Pandemic: Sampling the Durable Disease-Fighting Classic

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If teaming up against a game with your friends — rather than squaring off against them — and joining a team of jet-setting epidemiologists to quash dangerous global outbreaks sounds like a good time to you, Pandemic could be your cup of Ebola.

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Pandemic is one of the most loved cooperative titles out there. It hit the market in 2007 and enjoys steady play to this day — perhaps only eclipsed by Pandemic Legacy, which made many "year’s best" lists in ’15. Up to four players assume one of five different roles on a CDC-esque super team, each with their own particular way of swinging things your way during desperate hours.

And they are desperate hours: One of four outbreaks show up, proliferating rapidly unless your team can work together — traveling from city to city to find cures, setting up research stations and sharing resources. You’ll find yourself involved in some pretty intense discussions about the best way to use the handful of actions each player will have on his or her turn. There are lots of ways to lose if you don’t manage to find the cure for all four diseases: Running out of cards, having too many outbreaks or running out of the happy-looking little cubes that show the location of further outbreaks.

We were shown the game a few weeks ago by some friends, who let us try it together on one of the easier settings. As your players become better, you can ratchet up the difficulty to spine-tingling levels. With some experts helping us out, we were able to collaborate and efficiently stomp out bugs and latent plagues wherever we went.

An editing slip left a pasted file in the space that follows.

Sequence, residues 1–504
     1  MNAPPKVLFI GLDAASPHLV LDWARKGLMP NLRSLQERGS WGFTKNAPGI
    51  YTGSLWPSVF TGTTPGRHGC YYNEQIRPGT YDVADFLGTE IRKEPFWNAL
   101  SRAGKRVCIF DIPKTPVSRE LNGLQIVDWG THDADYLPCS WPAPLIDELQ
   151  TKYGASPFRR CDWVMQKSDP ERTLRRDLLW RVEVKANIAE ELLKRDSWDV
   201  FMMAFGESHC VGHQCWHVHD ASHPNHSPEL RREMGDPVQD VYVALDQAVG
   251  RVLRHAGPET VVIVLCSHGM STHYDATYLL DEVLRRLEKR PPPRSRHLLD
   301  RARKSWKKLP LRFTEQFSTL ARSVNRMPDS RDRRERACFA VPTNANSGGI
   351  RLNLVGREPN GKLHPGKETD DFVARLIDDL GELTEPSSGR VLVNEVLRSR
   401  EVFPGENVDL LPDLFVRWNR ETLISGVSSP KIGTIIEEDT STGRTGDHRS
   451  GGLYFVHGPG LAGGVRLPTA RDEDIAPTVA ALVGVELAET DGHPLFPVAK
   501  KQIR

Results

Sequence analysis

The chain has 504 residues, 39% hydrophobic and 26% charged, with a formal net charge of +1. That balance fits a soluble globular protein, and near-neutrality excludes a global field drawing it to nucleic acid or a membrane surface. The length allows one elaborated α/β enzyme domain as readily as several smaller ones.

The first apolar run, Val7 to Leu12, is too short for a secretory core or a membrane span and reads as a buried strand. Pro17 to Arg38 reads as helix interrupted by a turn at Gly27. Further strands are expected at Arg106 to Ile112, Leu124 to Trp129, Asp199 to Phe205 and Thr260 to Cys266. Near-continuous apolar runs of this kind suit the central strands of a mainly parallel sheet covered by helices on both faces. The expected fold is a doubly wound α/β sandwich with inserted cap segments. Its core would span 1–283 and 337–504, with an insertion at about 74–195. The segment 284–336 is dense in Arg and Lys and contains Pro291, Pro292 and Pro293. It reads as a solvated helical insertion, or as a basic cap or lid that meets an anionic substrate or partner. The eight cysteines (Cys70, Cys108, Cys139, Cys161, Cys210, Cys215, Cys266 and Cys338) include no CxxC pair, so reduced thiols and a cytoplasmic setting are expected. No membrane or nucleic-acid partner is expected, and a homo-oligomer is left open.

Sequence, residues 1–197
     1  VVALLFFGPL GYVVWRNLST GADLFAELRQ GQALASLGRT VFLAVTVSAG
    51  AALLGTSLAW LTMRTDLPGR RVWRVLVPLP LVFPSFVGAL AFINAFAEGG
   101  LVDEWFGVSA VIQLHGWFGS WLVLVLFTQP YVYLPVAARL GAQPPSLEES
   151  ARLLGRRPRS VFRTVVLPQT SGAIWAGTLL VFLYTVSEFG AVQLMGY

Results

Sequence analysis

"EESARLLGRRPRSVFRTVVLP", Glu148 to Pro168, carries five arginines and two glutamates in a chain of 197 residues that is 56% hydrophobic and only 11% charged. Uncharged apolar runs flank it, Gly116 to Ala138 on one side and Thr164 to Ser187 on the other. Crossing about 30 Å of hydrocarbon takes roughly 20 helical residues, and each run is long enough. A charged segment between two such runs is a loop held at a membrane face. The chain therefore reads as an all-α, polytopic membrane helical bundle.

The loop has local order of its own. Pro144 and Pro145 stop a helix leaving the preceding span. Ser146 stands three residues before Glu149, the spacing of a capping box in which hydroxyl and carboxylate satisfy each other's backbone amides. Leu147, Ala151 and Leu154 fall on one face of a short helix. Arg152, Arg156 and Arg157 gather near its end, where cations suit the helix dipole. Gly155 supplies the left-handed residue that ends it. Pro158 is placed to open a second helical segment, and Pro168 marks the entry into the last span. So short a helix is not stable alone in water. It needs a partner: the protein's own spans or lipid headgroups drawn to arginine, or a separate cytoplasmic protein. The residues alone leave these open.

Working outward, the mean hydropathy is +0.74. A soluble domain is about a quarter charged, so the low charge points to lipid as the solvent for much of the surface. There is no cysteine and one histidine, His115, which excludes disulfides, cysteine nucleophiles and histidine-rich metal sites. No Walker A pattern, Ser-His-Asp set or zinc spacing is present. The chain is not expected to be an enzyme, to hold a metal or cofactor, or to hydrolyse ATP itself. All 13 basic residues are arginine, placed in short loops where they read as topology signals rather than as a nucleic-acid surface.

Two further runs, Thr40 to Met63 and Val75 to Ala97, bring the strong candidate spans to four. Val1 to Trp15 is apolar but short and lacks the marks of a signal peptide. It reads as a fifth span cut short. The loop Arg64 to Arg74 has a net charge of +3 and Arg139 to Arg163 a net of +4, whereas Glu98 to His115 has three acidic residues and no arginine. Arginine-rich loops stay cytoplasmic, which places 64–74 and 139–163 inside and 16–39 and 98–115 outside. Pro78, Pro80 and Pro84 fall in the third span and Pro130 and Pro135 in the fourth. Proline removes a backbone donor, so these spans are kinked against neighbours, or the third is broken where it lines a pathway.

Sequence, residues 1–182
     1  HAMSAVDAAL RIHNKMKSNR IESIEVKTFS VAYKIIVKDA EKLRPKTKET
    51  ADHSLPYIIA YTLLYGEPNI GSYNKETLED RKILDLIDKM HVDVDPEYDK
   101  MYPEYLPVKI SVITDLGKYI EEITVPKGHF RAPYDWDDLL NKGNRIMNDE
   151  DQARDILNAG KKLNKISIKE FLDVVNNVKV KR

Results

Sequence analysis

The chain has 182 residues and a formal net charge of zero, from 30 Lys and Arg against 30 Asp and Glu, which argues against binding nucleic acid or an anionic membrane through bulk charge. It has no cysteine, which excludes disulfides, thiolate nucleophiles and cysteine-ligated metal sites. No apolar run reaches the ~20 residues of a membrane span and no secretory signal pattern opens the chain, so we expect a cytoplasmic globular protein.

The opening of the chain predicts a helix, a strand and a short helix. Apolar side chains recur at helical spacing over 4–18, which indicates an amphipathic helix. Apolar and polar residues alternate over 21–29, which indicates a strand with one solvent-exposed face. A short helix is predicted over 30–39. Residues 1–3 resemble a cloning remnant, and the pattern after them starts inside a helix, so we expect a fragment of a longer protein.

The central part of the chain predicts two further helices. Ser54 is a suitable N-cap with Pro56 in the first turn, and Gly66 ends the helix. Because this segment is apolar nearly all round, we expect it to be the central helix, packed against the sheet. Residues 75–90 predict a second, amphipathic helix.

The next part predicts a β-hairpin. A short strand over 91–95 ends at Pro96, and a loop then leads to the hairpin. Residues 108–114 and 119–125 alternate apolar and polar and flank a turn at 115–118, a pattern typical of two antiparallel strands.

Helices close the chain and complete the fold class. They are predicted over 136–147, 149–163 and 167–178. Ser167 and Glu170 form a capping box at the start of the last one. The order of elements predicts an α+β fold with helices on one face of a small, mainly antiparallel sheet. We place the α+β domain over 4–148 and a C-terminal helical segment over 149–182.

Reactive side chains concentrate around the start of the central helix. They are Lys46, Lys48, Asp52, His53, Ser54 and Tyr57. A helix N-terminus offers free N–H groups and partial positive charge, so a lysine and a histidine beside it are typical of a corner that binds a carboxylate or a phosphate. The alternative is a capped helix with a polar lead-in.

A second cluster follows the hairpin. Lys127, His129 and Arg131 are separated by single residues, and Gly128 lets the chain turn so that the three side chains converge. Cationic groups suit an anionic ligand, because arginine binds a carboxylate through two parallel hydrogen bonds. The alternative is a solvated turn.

There’s a lot to like about Pandemic: It’s quick to learn, its logic is readily apparent and it has a compact play time. I can see this going over well with a lot of different ages and skill levels. The subject matter is tense, but the game is light enough to afford some very accessible adventure and provide the electric charge of off-the-cuff team problem-solving. I would urge almost anybody to check it out if they get the chance.

Nate Warren is a Colorado Springs-based copywriter who offers both the veteran gamer and the uninitiated a local window into the burgeoning and wildly creative world of hobby and designer board games enjoyed by fanatics and connoisseurs — around the corner and and across the globe.

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